News from the heart of New Orleans

Saturday, November 26, 2005
I got a brief email today from my grad school friend, who lives in the heart of New Orleans in the Garden District.

It's important to realize that her part of the city was, after the French Quarter, the least affected by the floods. What New Orleans has is a systemic illness.

Things are okay for me and my family but the city of New Orleans is in bad shape. It is in danger of dying. The population is down to one fourth its usual number, I heard. There still are missing stop signs on busy intersections. Many businesses are still closed, even in well-off uptown. I miss Starbucks and Whole Foods. Many businesses are dying, I heard, because they have no workers. Business looks like it is good for those which are open.

I talked to another friend, from Miami, who had spent a week helping family to rebuild their house in a small town north of Lake Pontchartrain. This town was hit hard by the hurricane; the flood line on the house was near the top of the front door, just as it was in the hardest-hit parts of New Orleans. He said that as soon as the flood waters receded, the family was out there tearing out sodden drywall and carpet, and rebuilding their homes.

He'd driven through New Orleans on his way out of town, and was astonished to find that no rebuilding was going on; the houses were mostly abandoned, and being left to decay.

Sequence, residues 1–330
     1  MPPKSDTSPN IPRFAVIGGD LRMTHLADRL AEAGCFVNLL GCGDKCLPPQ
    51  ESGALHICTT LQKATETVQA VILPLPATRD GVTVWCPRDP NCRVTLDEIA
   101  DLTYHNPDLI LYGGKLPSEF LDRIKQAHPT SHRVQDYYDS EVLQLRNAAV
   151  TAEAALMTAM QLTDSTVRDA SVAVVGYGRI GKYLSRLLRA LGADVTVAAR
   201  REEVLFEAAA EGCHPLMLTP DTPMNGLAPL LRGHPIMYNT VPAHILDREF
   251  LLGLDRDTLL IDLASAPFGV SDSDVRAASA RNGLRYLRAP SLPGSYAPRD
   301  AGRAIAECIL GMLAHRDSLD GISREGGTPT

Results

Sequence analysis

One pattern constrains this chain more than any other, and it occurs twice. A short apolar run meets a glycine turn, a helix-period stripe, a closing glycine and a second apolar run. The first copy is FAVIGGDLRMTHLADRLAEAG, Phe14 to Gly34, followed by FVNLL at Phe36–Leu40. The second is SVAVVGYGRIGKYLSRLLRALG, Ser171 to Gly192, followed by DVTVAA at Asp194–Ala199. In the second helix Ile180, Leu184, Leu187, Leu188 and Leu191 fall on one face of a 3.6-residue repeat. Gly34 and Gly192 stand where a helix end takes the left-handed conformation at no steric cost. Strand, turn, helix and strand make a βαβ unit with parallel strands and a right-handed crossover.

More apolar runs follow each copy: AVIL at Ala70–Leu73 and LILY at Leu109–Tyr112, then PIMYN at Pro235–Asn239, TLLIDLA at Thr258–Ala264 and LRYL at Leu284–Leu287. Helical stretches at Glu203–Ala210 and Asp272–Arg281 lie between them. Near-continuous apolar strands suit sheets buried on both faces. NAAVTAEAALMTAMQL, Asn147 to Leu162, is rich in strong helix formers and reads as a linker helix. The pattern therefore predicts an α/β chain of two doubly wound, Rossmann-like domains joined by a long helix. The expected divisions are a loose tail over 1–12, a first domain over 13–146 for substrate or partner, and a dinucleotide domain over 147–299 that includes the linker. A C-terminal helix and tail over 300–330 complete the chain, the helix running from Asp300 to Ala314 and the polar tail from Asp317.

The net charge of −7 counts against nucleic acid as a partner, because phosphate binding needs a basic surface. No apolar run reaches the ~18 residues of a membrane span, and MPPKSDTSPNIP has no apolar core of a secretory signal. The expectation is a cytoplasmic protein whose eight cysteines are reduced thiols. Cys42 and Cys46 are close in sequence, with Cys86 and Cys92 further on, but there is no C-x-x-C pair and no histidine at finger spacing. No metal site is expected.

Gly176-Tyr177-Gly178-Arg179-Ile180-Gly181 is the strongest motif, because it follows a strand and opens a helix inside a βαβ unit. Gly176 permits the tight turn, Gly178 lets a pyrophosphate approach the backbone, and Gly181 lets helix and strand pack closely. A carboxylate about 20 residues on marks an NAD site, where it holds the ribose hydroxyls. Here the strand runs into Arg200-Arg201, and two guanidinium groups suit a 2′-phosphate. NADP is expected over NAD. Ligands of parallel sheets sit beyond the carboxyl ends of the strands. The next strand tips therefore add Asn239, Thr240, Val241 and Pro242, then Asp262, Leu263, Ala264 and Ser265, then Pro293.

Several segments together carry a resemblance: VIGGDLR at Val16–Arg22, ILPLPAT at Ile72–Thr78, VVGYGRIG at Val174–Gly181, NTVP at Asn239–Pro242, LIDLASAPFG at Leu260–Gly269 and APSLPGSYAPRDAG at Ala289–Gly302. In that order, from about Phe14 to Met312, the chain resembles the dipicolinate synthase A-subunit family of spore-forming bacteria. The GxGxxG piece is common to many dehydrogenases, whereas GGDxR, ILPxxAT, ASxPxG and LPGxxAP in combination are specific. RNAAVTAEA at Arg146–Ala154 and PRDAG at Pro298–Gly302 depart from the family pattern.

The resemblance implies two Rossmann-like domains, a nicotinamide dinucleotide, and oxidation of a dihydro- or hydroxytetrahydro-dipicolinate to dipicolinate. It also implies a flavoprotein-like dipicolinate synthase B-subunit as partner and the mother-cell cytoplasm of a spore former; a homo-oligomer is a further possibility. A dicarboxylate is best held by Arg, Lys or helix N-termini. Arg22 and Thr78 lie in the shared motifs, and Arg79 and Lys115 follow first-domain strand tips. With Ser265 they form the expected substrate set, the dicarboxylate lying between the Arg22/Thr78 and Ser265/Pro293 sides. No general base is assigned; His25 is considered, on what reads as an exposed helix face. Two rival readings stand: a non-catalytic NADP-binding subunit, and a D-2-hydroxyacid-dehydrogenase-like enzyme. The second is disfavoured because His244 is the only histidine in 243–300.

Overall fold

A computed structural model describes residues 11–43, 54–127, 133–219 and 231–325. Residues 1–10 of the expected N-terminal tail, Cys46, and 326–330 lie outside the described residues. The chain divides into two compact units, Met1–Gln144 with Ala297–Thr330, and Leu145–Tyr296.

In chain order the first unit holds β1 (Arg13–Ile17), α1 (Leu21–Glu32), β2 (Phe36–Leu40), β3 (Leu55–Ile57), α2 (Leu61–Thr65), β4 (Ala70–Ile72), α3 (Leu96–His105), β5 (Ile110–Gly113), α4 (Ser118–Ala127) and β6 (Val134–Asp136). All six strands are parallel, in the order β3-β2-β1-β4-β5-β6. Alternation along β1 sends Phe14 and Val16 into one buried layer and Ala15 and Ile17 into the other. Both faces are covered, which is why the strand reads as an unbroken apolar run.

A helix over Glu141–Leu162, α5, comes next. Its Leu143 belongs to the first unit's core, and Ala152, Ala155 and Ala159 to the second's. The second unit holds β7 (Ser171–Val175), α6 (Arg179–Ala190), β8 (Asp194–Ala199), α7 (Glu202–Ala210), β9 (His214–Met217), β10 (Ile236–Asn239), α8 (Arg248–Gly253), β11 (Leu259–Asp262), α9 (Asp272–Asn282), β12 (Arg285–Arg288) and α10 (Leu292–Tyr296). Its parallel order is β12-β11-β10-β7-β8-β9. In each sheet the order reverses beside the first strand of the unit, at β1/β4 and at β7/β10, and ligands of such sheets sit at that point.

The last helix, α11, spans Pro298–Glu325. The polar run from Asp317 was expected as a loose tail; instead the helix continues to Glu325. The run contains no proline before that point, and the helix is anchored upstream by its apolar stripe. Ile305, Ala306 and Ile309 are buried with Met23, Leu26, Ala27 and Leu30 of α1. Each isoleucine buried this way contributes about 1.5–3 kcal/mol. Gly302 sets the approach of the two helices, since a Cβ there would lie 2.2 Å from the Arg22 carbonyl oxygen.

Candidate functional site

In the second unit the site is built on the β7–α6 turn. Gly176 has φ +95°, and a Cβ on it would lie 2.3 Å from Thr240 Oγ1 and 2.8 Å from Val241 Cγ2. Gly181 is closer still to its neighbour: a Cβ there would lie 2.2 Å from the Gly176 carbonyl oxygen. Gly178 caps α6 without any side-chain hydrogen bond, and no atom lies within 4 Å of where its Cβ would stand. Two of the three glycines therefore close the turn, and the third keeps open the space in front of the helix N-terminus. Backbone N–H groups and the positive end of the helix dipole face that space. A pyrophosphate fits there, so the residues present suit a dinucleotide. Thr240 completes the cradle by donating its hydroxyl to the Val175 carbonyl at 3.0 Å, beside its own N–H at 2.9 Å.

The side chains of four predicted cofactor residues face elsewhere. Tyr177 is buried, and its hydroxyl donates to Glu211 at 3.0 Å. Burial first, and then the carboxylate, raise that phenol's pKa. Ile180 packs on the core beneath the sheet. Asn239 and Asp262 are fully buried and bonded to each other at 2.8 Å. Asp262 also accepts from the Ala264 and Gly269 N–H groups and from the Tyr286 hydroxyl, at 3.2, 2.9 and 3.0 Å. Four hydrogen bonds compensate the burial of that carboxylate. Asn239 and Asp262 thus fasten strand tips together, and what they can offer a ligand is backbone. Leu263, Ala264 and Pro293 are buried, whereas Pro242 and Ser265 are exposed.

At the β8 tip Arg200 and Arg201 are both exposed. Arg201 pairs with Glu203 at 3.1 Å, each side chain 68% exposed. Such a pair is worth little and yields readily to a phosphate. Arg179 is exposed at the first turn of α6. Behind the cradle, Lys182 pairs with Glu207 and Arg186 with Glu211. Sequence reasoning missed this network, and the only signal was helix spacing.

I love New Orleans, but I wouldn't be surprised if the hurricane were merely the event that revealed the systemic illness that lay beneath the surface there.


Buddy Larsen said...

Most of my family lives in Cajun Louisiana, and the word from the area is, ten years before it functions again, and insofar as the NewO bloc-vote is what has kept Louisiana barely in the Dems column, say hello to the newest firm senate GOP pickup. Lord, how the senate can use it, too. Soon, "majority" may go from 60% to who nows--75?

I wonder, BTW, what the new word is for "over half"? Can't be "majority" anymore. How 'bout "kerplump" or "crashedhope"?

David Thomson said...

New Orleans had largely become a welfare society. Such citizens lack a viable work ethic and an attitude of self determination. They expect, even demand, that the state take care of their immediate needs. I find it hysterical that anyone believes that this city can be resurrected anytime in the near future. Instead, the city should slowly evolve around a working citizenry. The hell with the “planned city” nonsense. Low taxes and extremely few zoning restrictions are the way to go.

The problem with using common sense regarding the rebuilding of New Orleans is the racially charged rhetoric employed by the liberal elites. They point out that most of the permanent underclass of the city are black skinned. Accusations of racism are freely thrown around. This is most unfortunate. It virtually guarantees an enormous waste of time and money. Alas, why couldn’t the vast majority of these residents be caucasian? It would have made things so much easier.

Buddy Larsen said...

Because all the caucasian poor people are in Mississippi. Plenty of poor folks thereabouts, in Dixie--the deal with New Orleans is, nothing YET has ever had a chance to break up the combination created during Reconstruction--7 generations ago, oddly--by General Benjamin Butler (of, right, Massachusetts). The General may've designed the great Not-A-Plantation Plantation, which is still doing such grievous injury (see Bill Cosby) to its purported beneficiaries.